A North Dakota judge wanted to move a settlement along between the feuding NCAA and the University of North Dakota in a lawsuit over the school’s controversial use of its "Fighting Sioux" logo — the NCAA had alleged the logo to be "racially insensitive" and ordered the university to halt its use of the image. So Judge Lawrence Jahnke ordered records in the case to be sealed, reasoning that if the "divisive" media reports based on the filings ceased, the parties would be free to settle in peace.
And they did.
Yet, in sealing those records, Jahnke failed to follow the law — both constitutional and common law presume court records to be open unless specific findings are made to justify their closure — as well as the North Dakota Supreme Court’s own rules. To seal court records, Administrative Rule 41 requires a court to make specific findings, articulate the interest in closure and keep the closure no broader than necessary. Janke’s sealing order dismissively cited "divisive" media reports as his rationale for closing access to further filings in the case without meeting or even addressing Rule 41’s requirements.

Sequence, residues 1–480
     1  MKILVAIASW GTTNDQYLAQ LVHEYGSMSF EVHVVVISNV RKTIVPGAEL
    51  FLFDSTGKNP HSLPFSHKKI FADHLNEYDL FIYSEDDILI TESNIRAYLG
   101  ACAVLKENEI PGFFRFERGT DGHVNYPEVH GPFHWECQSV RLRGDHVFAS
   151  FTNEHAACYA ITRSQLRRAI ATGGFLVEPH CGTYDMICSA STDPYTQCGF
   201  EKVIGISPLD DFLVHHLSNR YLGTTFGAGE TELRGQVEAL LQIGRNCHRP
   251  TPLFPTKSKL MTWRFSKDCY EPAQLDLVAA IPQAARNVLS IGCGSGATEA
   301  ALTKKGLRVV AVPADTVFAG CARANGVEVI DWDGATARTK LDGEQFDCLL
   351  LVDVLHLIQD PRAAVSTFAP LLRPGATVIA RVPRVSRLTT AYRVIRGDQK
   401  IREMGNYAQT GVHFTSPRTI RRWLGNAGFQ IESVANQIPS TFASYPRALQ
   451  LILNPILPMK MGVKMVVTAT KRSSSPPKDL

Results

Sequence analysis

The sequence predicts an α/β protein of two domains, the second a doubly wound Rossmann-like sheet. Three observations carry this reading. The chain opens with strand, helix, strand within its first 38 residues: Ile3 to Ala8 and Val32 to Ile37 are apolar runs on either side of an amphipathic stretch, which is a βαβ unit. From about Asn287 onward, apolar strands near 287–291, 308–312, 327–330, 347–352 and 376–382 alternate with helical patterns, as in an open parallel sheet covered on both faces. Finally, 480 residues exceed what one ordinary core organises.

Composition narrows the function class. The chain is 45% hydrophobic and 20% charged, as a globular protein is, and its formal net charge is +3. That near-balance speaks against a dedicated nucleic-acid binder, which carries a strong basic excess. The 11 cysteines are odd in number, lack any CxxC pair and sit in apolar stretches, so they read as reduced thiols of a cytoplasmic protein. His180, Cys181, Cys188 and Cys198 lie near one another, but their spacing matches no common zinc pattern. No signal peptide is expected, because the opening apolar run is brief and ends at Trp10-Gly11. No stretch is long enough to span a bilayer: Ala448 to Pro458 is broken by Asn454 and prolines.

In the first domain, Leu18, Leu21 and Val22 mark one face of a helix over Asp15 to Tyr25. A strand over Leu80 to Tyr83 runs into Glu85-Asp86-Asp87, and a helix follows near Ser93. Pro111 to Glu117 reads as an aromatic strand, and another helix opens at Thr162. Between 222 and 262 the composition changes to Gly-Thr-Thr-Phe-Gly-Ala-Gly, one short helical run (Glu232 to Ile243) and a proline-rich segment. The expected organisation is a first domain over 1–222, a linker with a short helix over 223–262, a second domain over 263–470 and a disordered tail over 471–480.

Forum Communications Co., which owns the Grand Forks Herald, pointed that out to the North Dakota Supreme Court and asked it to make a statement saying that lower courts — including Jahnke’s — must follow Rule 41 and engage in those protective measures to safeguard the public’s interest in access to judicial records. (The Reporters Committee filed a brief in support of that proposition, which the court accepted.) But the court refused to issue such a mandate, denying the communications company’s petition in a one-page order without explanation.
Even though the case has settled, and the contents of the settlement have been released — UND has three years to obtain permission from the Sioux tribe to continue using the logo, or it must then cease and desist — Jahnke still won’t open those earlier court filings up.
So as to whether North Dakota Supreme Court justices care to make the state’s courts follow its own rules? Their lips — and our court records — are sealed.